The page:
European Commission has reached an agreement – is that the end of the cage age?
A citizens’ initiative called “End the Cage Age” has gathered over 1,500,000 signatures across Europe and on June 30th it was supported by the European Commission. The EC has committed to completely phase out cages in animal breeding across the European Union for chickens, dams of pigs, calves, rabbits, ducks and other farm animals by 2027. This is the end of the great suffering of animals crammed into cages, longed for by many of us. We will know the details of the ban by the end of 2023 but it is already a historic moment and a great step for the European Commission.
How is it now? In our country, almost 43 million animals are kept in cages and pens. That is more than human population in Poland. In the entire European Union, it is as much as 300 million animals experiencing unimaginable suffering, both physical and mental. Millions of seconds of fear and pain. It is a daily struggle for survival. Animals locked in tight cages cannot express their natural behavior and exist without a chance to meet their basic needs. Cages separate animals from each other, making contact difficult. When crowded, they display aggressive behavior and hurt each other. Caged breeding brings millions of lives, millions of sentient beings, into painful vegetation and death on the production line. It has to stop and we are glad that the fate of caged animals is getting more and more publicity. Eventually, the cage age will go down in history. The European Commission has planned to assess the details of the introduction of this ban by the end of 2022, and its next goal will be to verify the relevant legislation by 2023.
Stella Kyriakides, the commissioner for Health and Food Safety, commented on the European Commission’s decision to phase out cages in animal breeding: “Animals are sentient beings and as a society we have a moral responsibility that farm conditions reflect this fact. I am determined to ensure that the EU continues to play a leading role in animal welfare on the world stage and that it meets society’s expectations. “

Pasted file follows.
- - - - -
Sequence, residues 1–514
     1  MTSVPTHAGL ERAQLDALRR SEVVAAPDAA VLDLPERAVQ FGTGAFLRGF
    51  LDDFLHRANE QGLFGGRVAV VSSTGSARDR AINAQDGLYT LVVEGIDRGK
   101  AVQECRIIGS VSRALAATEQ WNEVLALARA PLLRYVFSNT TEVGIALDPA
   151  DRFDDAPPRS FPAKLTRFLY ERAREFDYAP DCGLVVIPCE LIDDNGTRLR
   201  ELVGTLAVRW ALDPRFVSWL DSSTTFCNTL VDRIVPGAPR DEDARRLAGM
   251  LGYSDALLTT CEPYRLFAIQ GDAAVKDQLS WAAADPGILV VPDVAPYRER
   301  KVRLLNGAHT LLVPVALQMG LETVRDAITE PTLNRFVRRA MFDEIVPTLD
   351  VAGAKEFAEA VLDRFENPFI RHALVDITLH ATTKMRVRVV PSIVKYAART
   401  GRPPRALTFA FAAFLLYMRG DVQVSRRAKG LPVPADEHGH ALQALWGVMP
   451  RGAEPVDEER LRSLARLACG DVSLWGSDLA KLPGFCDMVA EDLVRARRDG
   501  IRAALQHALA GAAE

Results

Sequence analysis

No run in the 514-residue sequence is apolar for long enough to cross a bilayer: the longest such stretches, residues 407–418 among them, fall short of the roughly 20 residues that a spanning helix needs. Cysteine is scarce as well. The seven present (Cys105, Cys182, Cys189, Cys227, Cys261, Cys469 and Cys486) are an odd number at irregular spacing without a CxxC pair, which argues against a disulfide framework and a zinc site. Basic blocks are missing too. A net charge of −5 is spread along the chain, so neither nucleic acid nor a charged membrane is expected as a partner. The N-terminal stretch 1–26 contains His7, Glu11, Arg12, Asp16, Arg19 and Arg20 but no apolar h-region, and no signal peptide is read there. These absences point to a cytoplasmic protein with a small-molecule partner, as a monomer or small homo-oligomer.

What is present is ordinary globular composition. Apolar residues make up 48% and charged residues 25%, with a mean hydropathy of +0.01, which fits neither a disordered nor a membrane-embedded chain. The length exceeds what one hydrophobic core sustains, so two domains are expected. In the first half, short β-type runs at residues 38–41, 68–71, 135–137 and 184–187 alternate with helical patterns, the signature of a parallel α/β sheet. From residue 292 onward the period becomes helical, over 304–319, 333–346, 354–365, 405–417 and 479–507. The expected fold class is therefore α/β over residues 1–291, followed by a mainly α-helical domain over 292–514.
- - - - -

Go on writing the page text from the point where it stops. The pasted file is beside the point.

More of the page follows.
In addition to the ban of cage farming in the EU, the European Commission will also deal with the import of caged bred animal products from outside of the European Union. The initiative was accepted by the vast majority of members of the European Parliament. EU parliamentarians agreed that the time has finally come to end these cruel practices. It is a decision that will revolutionize Polish and European agriculture and, hopefully, will end the cage era once and for all.
Sadly, according to reports, the ban on cage farming will not include animals bred for fur. This matter will still be up to individual countries to decide. Although we are very pleased with the European Commission support for millions of hens, rabbits, pigs, quails, ducks and geese, we still look with concern at the fate of fur bred animals. We hope that this turning point happening before our eyes will also affect millions of minks, foxes and chinchillas being killed for their fur every year. We believe that the European Commission will not be indifferent to their fate and we hope that it will make a favorable decision in this matter as well.